I’ve seen different ways to get the same effect, but the version I prefer is one taught by Sean Bagshaw. It takes an extra step or two to set up, but then gives you more control. First, here are some images to show you what the Orton Effect looks like:

Image Without the Orton Effect


Full Orton Effect Applied to the Entire Image

This is too much Orton, but you can see the glow I am referring to. Notice that the sky goes white due to the increased brightness I used (more on that later) when the full effect is applied.


Reduced Orton Effect Applied to the Entire Image

For this image below, I’ve reduced the effect to 30%, which is in the range I’d normally apply, but have left it applied to the entire image. The sky is still lighter than without the effect, which is undesirable.


Orton Effect Applied Selectively

In this case, I’ve applied the effect moderately in selected parts of the image, namely the lavender, the distant yellow field and the right part of the larger tree which is getting sunlight.


My opinion is that images look their best when the Orton Effect is applied selectively to only part of the image rather than the entire image. Here is how to create the effect in Photoshop (Note: I am assuming you have some basic knowledge of Photoshop here):

  • First, make a copy of the background layer (Layer – Duplicate Layer).
  • Second, create a new group folder by either clicking on the group folder icon or going to Layer – New –> Group. You can name the folder “Orton”. Move the copy of the background layer into the Orton folder.
  • Third, create two brightness/contrast adjustment layers in the Orton folder. Move one layer above the background layer copy and one below.
  • Fourth, select the top brightness/contrast layer and clip it to the background layer copy by doing a Control-Click (Mac) or Right-Click (Windows) on the brightness/contrast layer and choosing “Create Clipping Mask”. Change the blending mode to “Luminosity”. Then double-click on the left side of the layer to open up the adjustment panel. For now, increase the brightness to around 40 or so and decrease contrast to around -20 or so. You will adjust it later.
  • Fifth, select the bottom brightness contrast layer and double-click on the left side of the layer to open up the adjustment. For now, increase the brightness to around 40 or so and decrease contrast to around -20 or so. You will adjust it later.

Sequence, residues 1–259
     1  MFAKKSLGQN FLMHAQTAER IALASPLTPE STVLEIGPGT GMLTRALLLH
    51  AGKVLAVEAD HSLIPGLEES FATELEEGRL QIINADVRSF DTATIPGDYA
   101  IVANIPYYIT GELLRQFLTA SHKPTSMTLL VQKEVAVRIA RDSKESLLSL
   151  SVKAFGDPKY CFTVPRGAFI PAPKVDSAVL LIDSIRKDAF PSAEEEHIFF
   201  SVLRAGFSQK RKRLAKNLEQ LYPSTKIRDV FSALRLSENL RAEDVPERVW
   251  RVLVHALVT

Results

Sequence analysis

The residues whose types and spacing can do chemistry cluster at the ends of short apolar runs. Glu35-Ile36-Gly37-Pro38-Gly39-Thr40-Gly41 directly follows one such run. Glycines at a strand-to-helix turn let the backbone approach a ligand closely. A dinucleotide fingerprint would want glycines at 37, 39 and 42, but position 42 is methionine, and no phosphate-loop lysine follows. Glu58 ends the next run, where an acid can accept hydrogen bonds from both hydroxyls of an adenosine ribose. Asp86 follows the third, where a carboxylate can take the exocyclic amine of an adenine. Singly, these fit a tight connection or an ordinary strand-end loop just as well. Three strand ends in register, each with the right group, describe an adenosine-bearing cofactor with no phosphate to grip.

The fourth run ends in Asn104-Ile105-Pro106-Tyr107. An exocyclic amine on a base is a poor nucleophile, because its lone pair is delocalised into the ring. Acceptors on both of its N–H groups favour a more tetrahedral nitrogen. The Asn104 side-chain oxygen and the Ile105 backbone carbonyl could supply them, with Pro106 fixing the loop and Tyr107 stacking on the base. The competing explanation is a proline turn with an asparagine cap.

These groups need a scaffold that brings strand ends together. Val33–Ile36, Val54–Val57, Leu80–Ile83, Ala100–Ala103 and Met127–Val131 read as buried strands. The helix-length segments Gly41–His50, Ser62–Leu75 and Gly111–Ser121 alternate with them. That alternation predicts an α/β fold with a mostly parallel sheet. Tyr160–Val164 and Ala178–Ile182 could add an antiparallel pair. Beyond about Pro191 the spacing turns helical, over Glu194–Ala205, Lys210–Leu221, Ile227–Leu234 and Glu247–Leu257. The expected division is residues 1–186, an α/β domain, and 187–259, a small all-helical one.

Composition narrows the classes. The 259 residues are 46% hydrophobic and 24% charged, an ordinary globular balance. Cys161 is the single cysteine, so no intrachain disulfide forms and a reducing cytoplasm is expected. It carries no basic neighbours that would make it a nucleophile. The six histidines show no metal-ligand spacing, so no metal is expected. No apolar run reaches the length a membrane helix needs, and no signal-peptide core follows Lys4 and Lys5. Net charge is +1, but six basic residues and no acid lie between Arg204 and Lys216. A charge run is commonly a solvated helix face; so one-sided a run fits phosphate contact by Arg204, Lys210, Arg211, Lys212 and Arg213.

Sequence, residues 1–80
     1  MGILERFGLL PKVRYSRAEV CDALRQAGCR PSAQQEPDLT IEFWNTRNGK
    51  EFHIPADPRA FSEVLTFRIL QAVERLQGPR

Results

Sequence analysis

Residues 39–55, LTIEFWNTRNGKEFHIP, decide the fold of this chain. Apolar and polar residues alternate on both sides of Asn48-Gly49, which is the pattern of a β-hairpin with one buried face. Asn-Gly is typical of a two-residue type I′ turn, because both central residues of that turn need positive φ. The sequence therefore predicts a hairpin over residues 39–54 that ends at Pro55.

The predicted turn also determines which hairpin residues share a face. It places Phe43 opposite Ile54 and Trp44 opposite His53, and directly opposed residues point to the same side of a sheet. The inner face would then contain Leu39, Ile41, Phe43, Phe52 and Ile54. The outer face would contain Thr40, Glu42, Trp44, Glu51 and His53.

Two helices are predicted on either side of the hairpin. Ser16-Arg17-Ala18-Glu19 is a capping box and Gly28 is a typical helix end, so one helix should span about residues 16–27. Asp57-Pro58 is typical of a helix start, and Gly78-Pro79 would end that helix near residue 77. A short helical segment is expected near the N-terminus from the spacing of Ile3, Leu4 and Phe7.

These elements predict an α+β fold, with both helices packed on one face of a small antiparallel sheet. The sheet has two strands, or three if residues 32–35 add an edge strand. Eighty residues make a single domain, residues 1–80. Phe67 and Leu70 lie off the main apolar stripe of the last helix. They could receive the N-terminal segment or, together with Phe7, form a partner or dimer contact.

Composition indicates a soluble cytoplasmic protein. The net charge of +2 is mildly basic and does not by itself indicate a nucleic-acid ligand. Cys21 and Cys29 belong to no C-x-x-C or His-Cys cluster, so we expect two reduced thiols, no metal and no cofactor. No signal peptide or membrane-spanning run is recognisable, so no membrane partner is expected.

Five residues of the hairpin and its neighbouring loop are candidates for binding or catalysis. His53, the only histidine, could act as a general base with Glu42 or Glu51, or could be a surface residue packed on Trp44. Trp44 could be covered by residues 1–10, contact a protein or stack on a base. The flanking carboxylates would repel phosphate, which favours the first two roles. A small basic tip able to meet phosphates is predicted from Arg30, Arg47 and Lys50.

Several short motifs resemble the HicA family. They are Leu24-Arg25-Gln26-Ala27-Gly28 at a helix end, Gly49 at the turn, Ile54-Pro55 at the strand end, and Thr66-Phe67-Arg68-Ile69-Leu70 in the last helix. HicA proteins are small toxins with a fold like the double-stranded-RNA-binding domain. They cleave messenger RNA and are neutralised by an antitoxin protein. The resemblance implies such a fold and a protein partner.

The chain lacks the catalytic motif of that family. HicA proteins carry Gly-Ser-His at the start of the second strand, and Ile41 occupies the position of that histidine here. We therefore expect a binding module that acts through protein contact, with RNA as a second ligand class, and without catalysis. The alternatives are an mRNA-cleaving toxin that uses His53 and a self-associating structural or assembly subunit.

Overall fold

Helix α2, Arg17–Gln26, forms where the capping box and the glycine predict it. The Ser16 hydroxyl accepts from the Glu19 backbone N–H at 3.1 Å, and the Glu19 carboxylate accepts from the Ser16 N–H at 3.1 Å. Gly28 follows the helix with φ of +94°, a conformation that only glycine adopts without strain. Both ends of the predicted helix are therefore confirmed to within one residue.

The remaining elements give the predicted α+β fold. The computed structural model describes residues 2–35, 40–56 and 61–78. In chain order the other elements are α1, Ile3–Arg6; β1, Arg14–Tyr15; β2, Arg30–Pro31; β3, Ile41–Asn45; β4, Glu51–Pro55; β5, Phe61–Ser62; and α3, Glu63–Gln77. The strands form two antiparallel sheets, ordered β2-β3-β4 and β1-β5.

• Sixth, click on the background copy layer and choose “Filter-Blur-Gaussian Blur”. When the filter opens, you will have one value to adjust. Generally you don’t want the value too high or too low. I generally like the effect somewhere between 7 and 40 and usually between 10 and 15. Click okay and then change the blending mode of the layer to “Soft Light”.
  • Seventh, now that you have the full effect applied, it is time to make adjustments to the brightness/contrast layers. Double-click on the left side of each brightness/contrast adjustment and try modifying the adjustments to get the image looking more like you want, keeping in mind you will be lessening the overall effect. Sometimes, it looks good to apply increased contrast rather than decreased.

Now, there are two options:

  • Option 1: If you want to apply the effect to the entire image, then simply click on the Orton folder layer and reduce the opacity until it looks how you want it to. I usually settle on around 30% opacity.
  • Option 2: If you want to apply the effect selectively (recommended), then Alt-Click on the “add layer mask” icon while the Orton folder layer is selected to add a black mask to the layer. Then select a soft brush using white as the foreground color and reduce the flow on the brush to around 15%. Paint white on the mask to build up the effect in the areas of the image that you want. In general, I find that having the distant elements of the image glow looks better. Also, you may want to retain the detail in certain parts of the image, such as a detailed foreground subject, so avoid painting the effect into those areas. I also usually avoid applying the effect to bright areas of the sky, as the Orton Effect (depending on your settings) will typically brighten that part of the image.